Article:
By: Hans Themistode
Errol Spence Jr. knew he was already a star. The jam-packed arenas, the hundreds of thousands in Pay-Per-View buys and the countless fans who recognize him and ask for his autograph, even as he wears a mask, told him so.
Stardom for Spence Jr. was already recognized years ago but he knew there was one more level he had to climb.
Normally stone-faced, the Dallas native cracked a smile as it was revealed that he would be taking on future first ballot Hall of Famer, Manny Pacquiao on August 21st, at the T-Mobile Arena in Las Vegas, Nevada. The unified welterweight champion believed that a win wouldn’t simply represent the biggest of his career. No, there was something far more meaningful behind it.
“Floyd [Mayweather] didn’t pass the torch,” said Spence Jr. to Premier Boxing Champions during an interview. “It’ll be Pacquiao passing the torch. I’m becoming a Pay-Per-View star. I’m becoming that guy in the sport that is going to lead the sport.”
While Spence Jr. knew that beating Pacquiao would lift his career to new heights, so did both the media and boxing fans. His placement on the pound-for-pound list likely would’ve risen and so would his popularity. We could see the headlines from here:
“Errol Spence Jr. Retires Manny Pacquiao”
“Errol Spence Jr. Is The Next Big Thing”
“Errol Spence Jr. Has Officially Become A Star”
But while those headlines were being crafted, none have reared its head for Yordenis Ugas.
Once Spence Jr. was forced to withdraw from his showdown against Pacquiao due to a torn/detached retina, the Cuban native was given the call. Already in the midst of his own training camp, as he was scheduled to make an appearance on the card, Ugas took his moment in the sun without hesitation.
Even with the WBA welterweight title draped over his shoulder, a hot streak of 11 wins in 12 fights, and seemingly all of the determination in the world, most laughed when Ugas claimed he was going to “shock the world.” Many wondered whether or not Pacquiao would stick around to face Spence Jr. after he easily got rid of Ugas or would he hang up his gloves for good?
Before the opening bell rang, women in attendance began picking up their purses in an attempt to beat the rush out the door, while men didn’t even bother to purchase beer. What was the point? The match was going to be over before the first sip was taken.
But as the 35-year-old fought a competitive first round, an even second and clearly won the third, fans began getting comfortable in their seats.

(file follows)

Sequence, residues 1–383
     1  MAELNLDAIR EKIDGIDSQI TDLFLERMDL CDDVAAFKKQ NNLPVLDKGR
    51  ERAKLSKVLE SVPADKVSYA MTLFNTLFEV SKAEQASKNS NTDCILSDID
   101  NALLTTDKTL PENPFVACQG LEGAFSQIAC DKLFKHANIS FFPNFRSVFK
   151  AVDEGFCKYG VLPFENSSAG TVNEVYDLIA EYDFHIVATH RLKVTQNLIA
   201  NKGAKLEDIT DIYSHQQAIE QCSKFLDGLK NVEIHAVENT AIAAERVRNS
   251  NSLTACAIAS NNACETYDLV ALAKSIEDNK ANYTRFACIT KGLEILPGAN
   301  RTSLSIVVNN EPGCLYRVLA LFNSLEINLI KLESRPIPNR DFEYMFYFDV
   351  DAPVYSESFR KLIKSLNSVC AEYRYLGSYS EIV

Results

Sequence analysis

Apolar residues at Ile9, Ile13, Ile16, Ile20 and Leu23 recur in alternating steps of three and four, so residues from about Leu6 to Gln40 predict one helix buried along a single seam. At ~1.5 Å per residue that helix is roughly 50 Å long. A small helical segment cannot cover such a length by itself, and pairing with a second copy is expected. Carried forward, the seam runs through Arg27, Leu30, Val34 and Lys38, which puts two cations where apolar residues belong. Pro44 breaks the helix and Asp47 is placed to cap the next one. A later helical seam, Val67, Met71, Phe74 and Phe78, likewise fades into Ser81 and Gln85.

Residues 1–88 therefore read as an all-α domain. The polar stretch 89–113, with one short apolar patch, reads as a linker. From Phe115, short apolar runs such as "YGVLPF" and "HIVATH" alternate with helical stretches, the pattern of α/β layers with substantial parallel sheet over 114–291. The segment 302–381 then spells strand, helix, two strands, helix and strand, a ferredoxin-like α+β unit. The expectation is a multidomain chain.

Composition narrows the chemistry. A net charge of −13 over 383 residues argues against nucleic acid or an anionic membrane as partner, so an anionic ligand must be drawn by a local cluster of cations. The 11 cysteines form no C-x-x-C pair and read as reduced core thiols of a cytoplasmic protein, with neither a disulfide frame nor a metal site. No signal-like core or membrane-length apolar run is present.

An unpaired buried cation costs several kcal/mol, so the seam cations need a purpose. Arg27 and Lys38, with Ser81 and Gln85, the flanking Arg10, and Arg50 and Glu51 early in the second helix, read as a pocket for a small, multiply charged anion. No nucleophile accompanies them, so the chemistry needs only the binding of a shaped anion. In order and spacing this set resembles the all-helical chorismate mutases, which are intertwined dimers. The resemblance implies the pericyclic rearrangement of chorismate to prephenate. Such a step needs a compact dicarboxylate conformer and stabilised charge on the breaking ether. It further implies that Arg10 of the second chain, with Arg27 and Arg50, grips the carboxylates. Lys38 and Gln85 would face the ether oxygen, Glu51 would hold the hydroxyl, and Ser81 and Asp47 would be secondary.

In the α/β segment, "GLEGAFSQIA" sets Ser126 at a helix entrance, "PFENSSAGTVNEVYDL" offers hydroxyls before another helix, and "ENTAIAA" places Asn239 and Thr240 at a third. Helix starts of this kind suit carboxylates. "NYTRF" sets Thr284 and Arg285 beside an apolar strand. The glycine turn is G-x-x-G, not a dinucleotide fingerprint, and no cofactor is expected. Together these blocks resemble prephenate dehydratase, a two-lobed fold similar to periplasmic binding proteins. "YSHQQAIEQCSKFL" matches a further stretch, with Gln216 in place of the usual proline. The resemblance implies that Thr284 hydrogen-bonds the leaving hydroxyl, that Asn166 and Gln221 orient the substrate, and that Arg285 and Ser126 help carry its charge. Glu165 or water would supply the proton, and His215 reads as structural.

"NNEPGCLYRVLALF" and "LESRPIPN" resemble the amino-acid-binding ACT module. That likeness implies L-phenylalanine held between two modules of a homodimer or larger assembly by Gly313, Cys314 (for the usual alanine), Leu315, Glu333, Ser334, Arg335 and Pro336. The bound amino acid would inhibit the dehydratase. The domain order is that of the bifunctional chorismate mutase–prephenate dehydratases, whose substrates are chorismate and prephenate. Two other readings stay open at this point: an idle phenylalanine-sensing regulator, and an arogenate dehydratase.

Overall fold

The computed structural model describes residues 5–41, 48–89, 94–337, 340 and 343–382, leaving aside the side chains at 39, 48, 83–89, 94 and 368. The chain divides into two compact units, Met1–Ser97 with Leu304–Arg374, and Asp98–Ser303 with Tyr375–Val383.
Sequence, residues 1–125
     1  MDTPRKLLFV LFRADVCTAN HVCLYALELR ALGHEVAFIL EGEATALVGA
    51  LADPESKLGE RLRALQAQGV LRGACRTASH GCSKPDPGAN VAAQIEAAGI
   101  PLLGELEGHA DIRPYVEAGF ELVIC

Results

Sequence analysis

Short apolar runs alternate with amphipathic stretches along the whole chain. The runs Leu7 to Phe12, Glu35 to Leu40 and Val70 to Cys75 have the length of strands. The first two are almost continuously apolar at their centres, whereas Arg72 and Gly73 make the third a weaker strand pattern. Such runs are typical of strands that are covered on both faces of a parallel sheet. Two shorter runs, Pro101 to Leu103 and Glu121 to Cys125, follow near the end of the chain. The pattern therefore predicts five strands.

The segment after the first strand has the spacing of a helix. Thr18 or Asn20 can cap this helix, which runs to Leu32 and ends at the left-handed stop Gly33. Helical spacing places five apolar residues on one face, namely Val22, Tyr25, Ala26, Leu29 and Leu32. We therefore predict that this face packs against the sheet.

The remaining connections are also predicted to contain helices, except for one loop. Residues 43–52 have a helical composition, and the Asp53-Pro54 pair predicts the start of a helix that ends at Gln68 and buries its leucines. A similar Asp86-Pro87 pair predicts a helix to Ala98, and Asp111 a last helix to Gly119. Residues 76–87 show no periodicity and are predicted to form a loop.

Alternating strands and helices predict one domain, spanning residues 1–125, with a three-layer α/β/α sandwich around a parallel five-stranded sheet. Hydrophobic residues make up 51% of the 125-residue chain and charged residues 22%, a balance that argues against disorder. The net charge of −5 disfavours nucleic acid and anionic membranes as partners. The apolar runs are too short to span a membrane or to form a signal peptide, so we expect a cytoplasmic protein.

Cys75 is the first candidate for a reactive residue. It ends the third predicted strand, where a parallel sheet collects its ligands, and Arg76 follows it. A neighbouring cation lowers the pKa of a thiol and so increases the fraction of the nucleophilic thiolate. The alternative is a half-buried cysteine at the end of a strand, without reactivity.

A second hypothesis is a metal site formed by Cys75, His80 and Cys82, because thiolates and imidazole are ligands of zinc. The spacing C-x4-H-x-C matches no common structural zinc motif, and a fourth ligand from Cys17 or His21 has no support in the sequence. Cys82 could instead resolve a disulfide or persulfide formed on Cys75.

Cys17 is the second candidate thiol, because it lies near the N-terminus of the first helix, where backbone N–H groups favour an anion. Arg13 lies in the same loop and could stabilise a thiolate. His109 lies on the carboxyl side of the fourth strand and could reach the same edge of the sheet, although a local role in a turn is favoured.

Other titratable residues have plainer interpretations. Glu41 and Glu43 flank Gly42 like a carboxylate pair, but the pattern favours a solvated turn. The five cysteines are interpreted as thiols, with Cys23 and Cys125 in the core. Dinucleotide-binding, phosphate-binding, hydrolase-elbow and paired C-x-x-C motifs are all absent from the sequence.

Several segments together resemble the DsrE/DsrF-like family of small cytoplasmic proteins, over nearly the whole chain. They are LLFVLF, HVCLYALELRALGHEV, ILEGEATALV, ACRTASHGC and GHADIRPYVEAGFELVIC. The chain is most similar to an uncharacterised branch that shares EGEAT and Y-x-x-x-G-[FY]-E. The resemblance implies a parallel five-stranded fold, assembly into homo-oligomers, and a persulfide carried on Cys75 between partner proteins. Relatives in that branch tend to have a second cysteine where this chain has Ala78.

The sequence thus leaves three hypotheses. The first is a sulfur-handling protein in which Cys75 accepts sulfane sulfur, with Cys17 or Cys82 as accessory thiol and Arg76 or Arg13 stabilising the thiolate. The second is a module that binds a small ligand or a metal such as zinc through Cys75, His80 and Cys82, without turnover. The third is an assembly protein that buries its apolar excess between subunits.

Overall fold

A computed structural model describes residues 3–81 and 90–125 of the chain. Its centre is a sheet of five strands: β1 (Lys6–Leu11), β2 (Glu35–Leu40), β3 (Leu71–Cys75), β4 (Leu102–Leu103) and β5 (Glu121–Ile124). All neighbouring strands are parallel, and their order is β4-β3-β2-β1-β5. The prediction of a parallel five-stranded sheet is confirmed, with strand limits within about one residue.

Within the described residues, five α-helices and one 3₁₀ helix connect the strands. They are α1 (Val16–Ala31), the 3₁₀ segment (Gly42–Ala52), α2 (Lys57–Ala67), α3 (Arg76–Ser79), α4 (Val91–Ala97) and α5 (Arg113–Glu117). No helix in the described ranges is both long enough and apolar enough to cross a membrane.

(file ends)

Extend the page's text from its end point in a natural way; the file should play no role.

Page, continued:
Ugas not only lasted longer than many were expecting, but he was winning as well. The hands of Pacquiao still appeared fast. And judging by the reaction of Ugas, the power was still there as well. Yet, it never mattered how many times Pacquiao threw an eye-catching combination, Ugas had an answer for everything.
By the end of the 12th round, we all knew who won. Ugas was merely hoping that the judges knew it as well. Luckily for him, they did. Once his name was called and his hand was raised in the air, the boos began raining in.
Unaffected by their response, Ugas grabbed his WBA title and began repeating, “I’m the champion of the WBA, I’m the champion of the WBA.” Putting to bed the notion that he was some paper champion due to him originally being elevated to full titleholder several months ago.
With the win officially plastered to his resume, Ugas hasn’t received the customary “star” treatment that comes with defeating someone the caliber of Pacquiao.
When Timothy Bradley defeated Pacquiao via controversial split decision in 2012, most may have been incredulous to the results but there were others who believed Bradley solidified his placement as a future Hall of Famer. Jeff Horn would have a similar result, picking up a unanimous decision victory against Pacquiao in 2017. His stardom exploded and he fought in several high-profile fights against the likes of Terence Crawford and Tim Tszyu, losing both by knockout.
Regardless of the result, in some circles, Horn is considered a legend, mostly due to his “win” against Pacquiao. While Ugas may have elevated his status in the mind of many, he’ll be an overwhelming underdog against both Spence Jr. and Crawford should he take them on. Even against the likes of up and comers with a ton of potential in Vergil Ortiz Jr. and Jaron “Boots” Ennis, Ugas is still likely to be the underdog.
As the WBA titleholder continues to receive his pats on the back, becoming a Pay-Per-View star or a pound-for-pound stalwart doesn’t appear likely. At least, not to you.
Ugas won’t ask that you believe in him or sound the alarms for his coronation. While he’s perfectly fine working in the shadows and proving everyone wrong, his normally dim room is now lit with the torch Pacquiao reluctantly handed to him.
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